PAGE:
Because vehicles continue to be the leading cause of deaths in our workplaces. According to Safe Work Australia over the last 11 years two-thirds (66%) of fatalities involved vehicles. In 2013, 122 of the 191 fatalities (64%) involved a vehicle. Over the past 11 years 40% of worker fatalities were due to a vehicle collision. “Road traffic injury is the leading cause of work-related death, injury and absence from work in Australia” (Monash University) and “traffic injuries are twice likely to result in death or permanent disability than other workplace incidents” (Carrs-Q Queensland University of Technology). Not to mention that work-related road crashes cost the Australian community approximately $1.5 billion dollars every year.
The challenge with grey fleet is that not only do all the usual fleet risks apply but grey fleet carries even more risks than company owned or leased fleets for a number of reasons. Grey fleets are older than company owned or leased fleets as they tend to be second hand vehicles which are by default older than new company fleets. So many grey fleet vehicles lack the latest safety technologies and advancements such as multiple air- bags, electronic stability control, autonomous emergency braking etc. This potentially increases the safety risk to your staff, volunteers, clients and public at large. As grey fleet vehicles are older they are also less fuel efficient so tend to be higher carbon emitters. A ‘grey’ fleet does not equate to a ‘green’ fleet. There are currently 2.5 million used cars sold in Australia every year – this compares to just over 1 million new car sales each year.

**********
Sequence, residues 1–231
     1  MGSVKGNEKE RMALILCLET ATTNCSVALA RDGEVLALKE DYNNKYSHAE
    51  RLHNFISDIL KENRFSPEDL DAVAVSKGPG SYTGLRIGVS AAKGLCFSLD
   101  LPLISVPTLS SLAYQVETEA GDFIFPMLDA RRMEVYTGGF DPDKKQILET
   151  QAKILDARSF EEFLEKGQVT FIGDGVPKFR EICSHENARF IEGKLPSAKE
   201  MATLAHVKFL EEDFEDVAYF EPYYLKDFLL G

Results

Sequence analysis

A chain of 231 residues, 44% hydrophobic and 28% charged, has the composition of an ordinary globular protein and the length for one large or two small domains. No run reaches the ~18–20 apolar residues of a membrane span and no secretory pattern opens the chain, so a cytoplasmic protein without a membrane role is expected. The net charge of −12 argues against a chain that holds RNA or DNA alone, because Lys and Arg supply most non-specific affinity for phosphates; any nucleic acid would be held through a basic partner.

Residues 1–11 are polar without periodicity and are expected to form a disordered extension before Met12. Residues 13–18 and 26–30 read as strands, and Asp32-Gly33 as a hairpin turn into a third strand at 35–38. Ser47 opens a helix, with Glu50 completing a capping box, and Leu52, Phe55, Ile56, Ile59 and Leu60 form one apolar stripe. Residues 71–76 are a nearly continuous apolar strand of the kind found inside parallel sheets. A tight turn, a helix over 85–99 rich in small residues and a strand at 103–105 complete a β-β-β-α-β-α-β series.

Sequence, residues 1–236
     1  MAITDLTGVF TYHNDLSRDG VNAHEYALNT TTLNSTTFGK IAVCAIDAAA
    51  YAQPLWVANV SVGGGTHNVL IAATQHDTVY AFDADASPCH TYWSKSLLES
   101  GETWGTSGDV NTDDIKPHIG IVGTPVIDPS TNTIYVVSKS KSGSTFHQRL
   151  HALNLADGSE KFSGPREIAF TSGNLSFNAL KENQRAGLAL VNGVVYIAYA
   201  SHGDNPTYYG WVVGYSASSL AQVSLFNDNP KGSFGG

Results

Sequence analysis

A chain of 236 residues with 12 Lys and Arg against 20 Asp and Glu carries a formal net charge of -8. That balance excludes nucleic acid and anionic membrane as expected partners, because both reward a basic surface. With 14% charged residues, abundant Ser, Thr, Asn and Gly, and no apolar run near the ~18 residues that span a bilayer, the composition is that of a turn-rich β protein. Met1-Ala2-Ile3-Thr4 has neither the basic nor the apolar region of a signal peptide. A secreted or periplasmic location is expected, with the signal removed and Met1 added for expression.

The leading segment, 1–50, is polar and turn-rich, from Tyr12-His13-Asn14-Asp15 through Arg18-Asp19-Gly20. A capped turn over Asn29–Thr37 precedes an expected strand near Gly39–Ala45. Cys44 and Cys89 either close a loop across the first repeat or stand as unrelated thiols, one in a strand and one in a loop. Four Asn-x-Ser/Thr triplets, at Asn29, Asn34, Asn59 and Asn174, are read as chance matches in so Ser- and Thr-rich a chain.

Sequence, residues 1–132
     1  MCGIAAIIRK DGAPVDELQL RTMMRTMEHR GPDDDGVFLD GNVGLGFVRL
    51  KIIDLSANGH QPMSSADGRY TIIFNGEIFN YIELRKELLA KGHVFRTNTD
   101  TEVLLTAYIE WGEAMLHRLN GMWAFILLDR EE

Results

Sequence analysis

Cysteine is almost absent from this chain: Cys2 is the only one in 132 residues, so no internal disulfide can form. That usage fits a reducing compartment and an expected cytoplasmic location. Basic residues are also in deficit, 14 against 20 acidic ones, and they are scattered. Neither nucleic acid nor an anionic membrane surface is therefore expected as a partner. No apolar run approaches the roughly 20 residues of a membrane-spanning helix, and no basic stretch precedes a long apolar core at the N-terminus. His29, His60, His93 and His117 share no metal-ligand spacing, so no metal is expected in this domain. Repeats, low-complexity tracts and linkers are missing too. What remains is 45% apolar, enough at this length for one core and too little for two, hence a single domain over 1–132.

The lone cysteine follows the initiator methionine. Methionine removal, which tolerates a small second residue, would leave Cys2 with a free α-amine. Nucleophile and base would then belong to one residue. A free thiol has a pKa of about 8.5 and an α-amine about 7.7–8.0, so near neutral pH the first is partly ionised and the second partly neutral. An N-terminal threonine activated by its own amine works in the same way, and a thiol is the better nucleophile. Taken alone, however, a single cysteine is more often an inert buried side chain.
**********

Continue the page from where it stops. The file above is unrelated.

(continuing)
Grey fleet is an important, but often neglected, aspect of fleet management – Why?
It’s difficult to control and manage because it’s ‘out of sight, out of mind’. It can also be difficult to capture data about grey fleets, because they can be difficult to track and monitor. So ensuring they are regularly serviced and maintained and most importantly remain roadworthy is problematic, which increases the risk to safety. Given motor vehicle fatalities are the leading cause of death in the workplace and grey fleet carries greater risks than company owned or leased vehicles, this puts grey fleet at the top of any organisational risks to be managed. Unless an organisation doesn’t run a grey fleet at all, which is in itself difficult to ensure.
So now you know what grey fleet is and that you most likely have one, whether you are paying reimbursements or not, can’t you just leave things as is because you haven’t had any instances up until now? Well, you could hope for the best and that your current track record continues, however you may like to consider your legal obligations.